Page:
The device comes with a cellular-based home monitoring system that allows physicians to detect a range of heart-related events, including silent arrhythmias.
Rhythmia receives FDA clearance in cardiac catheter ablations to diagnose or treat heartbeat abnormalities.
Biomedical engineers out of Johns Hopkins and Stony Brook say gentle beams of light -- instead of electric jolts -- could be used to treat arrhythmias in the near future.
From battery life to pure life, new research shows we're getting closer to a future where important implanted and wearable health devices could run on power collected from our own organs.
The ScenSor DW1000 tunes in to wireless technology to let people locate important items such as medical equipment or even children.
How much do humans supervise the machines that participate in customer service? One person's experience with Blue Shield of California suggests: "Not much at all."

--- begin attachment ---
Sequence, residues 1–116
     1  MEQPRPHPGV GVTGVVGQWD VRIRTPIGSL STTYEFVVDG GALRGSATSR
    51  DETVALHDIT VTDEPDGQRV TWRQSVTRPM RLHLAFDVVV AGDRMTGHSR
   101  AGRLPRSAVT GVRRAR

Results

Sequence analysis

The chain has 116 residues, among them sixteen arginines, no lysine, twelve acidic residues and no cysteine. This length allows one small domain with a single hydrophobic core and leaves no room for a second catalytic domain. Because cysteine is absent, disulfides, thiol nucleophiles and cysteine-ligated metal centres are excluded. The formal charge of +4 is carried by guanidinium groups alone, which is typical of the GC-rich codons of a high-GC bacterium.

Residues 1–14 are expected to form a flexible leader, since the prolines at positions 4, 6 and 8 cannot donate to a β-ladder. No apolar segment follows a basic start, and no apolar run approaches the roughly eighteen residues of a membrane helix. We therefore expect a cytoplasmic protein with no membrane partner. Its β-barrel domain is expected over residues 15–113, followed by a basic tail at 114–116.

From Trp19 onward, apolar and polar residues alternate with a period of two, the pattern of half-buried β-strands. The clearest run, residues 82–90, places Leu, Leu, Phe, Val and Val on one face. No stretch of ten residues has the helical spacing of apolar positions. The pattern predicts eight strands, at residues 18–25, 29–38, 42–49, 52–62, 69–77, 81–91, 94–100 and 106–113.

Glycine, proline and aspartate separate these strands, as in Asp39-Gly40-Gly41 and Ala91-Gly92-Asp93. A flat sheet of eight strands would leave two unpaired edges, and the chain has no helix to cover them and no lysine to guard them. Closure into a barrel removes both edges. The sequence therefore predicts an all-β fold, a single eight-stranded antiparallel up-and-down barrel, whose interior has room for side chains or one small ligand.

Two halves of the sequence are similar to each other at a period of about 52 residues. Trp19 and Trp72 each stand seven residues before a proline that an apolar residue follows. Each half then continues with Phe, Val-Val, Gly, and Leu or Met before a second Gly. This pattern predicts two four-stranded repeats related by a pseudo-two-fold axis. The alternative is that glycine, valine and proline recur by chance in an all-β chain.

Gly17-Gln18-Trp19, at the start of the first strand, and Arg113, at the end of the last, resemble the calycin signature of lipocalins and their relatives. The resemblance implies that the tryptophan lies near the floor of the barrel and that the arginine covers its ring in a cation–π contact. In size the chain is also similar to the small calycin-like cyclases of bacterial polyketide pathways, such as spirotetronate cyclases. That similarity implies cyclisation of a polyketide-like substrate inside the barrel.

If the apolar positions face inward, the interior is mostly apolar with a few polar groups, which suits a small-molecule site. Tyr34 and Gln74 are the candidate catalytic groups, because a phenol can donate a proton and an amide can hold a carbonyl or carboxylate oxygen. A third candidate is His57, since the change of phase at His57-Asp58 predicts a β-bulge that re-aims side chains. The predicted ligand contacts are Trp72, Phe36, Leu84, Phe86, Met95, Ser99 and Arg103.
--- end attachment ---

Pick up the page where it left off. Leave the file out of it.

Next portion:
A study commissioned by Gamehouse shows that women gamers have more sex than non-gamers and even have it more often. They are also, apparently, more sociable.
More than half the participants in a study who wore the wireless digital device avoided unnecessary follow-up care, while it may have saved the life of one participant.
A California basketball coach downloaded the $1.99 iPhone app Phone Aid to brush up on CPR last week, only to use it the very next day when a student collapsed and his heart stopped beating during practice.
A new option a wireless nunchuk is being offered from Brando Workship in the U.K.